Archive for the ‘Home Decor’ Category

ABC (Already Been Chewed) Cookie Cutters and Uniqueness

Sunday, January 3rd, 2010


Hoping that everyone had a great holiday season and a wonderful new year!

I was itching to make this post earlier, but couldn’t give away the gift I used for my family Secret Santa. So, here it is -adorable holiday cookie cutters by WorldwideFred that were found during holiday shopping in NYC. Oddly (or not so oddly), I found them at Henri Bendel, located at 712 5th Avenue.

Initially, I would have never expected such a quirky gift from a prestigious fashion retailer, but after being delighted to have found a unique gift, I made the connection –uniqueness. Retailers are constantly on the search to differentiate themselves and be trend setters. They need to offer clients and customers a reason to come back. Is that reason pure product quality? Affordability? Luxury? Variety? It’s a combination of a many differentiators which range from the convenience of a one-stop-shop or being a specialty store to selling the customer service experience. Regardless the exact strategy at Henri Bendel, I was happily surprised and excited to have found WorldWideFred products there and would certainly go back to find that ‘special’ gift. It seems like a mission accomplished for both retailer and gift-hunter.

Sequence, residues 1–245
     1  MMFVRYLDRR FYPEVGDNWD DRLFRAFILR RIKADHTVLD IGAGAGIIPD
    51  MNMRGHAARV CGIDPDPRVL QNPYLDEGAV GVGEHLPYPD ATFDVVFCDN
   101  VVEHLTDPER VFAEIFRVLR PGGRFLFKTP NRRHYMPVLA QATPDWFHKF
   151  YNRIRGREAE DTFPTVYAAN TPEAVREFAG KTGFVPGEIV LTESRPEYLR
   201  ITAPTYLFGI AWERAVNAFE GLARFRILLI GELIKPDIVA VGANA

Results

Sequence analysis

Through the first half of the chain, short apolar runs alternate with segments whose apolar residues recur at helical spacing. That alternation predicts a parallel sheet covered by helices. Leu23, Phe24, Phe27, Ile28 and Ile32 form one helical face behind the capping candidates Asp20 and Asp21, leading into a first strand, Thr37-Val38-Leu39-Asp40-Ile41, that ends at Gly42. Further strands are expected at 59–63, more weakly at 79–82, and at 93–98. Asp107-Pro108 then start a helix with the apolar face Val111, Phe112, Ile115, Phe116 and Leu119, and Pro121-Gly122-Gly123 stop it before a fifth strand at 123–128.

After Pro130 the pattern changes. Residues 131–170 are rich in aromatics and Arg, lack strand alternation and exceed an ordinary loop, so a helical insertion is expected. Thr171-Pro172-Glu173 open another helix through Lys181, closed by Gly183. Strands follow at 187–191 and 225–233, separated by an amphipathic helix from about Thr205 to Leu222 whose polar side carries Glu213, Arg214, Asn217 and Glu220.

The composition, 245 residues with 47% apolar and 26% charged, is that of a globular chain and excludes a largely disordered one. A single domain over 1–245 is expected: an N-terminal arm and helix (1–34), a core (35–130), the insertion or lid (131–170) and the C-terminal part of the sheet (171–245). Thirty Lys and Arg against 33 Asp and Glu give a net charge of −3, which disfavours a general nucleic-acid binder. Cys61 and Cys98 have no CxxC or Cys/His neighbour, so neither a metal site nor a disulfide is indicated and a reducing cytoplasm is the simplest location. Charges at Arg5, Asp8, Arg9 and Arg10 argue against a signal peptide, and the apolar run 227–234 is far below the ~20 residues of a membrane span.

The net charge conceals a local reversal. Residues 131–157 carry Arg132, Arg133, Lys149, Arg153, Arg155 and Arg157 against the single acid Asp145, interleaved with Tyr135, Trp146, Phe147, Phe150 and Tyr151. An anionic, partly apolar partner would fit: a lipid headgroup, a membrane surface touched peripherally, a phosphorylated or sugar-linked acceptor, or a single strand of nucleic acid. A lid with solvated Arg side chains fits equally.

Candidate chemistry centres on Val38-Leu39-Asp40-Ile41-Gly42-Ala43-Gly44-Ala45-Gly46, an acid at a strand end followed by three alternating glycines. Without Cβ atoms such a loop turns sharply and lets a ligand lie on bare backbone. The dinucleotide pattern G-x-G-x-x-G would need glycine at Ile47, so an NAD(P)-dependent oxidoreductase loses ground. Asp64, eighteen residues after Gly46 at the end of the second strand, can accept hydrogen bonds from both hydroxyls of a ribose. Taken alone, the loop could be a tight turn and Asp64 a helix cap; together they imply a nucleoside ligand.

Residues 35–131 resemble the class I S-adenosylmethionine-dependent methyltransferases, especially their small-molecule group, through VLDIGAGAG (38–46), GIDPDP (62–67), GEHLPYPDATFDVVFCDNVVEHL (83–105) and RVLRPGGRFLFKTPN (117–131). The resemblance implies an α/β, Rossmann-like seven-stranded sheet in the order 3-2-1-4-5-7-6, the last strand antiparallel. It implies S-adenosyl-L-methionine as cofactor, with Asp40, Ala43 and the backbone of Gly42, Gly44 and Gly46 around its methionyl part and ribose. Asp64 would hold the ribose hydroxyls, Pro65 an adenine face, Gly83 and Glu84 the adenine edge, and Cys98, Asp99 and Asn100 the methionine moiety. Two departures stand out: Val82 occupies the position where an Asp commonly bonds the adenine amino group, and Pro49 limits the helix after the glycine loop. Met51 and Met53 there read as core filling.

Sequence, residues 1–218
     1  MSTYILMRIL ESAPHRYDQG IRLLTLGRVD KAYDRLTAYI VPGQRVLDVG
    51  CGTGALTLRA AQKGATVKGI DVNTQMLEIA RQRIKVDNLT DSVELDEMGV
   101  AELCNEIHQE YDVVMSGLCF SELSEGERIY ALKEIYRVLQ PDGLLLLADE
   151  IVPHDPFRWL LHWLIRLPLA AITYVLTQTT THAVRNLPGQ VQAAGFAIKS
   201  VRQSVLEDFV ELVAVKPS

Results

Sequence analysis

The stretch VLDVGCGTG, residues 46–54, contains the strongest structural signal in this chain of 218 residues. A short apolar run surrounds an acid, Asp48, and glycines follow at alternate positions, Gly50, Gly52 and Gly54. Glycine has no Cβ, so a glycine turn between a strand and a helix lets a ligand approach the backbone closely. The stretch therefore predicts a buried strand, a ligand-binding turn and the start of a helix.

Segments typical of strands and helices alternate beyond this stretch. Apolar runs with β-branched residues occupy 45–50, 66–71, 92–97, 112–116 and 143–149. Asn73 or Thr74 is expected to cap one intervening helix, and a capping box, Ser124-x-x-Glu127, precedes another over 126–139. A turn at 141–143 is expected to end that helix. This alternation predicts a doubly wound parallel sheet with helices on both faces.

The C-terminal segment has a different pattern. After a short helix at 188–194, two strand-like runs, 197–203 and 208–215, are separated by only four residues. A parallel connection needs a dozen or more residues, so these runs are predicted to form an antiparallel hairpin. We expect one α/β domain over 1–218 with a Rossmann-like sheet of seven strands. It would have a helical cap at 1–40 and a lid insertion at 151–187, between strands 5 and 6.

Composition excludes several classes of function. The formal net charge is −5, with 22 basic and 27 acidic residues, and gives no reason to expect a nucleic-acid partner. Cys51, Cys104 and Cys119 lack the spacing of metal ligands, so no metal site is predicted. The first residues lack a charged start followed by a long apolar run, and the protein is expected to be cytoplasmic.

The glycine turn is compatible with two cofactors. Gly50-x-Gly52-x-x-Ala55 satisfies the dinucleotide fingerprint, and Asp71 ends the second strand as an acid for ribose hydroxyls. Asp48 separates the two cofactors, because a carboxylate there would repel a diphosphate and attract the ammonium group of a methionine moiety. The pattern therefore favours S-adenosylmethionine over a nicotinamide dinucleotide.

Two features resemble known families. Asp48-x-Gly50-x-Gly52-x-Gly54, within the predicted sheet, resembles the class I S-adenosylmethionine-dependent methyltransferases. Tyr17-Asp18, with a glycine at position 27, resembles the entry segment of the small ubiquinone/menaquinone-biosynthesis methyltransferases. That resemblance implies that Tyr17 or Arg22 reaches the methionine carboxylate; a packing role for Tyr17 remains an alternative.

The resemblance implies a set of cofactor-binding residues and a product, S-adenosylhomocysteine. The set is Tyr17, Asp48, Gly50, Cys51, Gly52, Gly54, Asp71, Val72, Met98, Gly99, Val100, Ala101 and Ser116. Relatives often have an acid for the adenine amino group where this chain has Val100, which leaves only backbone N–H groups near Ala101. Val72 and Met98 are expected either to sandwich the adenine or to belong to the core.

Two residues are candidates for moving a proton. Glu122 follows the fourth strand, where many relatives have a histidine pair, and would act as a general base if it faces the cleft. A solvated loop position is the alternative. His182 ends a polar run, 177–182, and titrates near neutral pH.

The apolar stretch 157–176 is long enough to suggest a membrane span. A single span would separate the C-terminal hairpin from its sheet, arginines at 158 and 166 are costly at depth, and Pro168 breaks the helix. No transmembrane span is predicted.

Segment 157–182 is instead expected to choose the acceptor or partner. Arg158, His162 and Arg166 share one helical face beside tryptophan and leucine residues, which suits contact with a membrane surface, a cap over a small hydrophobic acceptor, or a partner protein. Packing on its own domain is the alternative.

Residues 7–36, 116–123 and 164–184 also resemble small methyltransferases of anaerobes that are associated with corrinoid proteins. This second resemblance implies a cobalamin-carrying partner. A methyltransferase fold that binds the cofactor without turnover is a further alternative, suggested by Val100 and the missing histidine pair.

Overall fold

the Pho experience

Tuesday, September 15th, 2009


A lovely connection between tradition, culture, and dining is the Pho tableware set designed by Omid Sadri for the making and serving of Pho. Simply beautiful and functional.

“Phở (fuh) n.Traditional Vietnamese beef noodle soup. Enjoy it for breakfast, lunch or dinner.”

Inspired by the form of a classical Vietnamese lantern, the bowl set here is designed to “simplify and enrich” the experience of the famous Vietnamese dish. The bowl set makes the entire Pho dish easy to carry, then creates a unique experience by revealing the dish layer by layer.

via Yanko Design

Michael Graves + [yellowtail]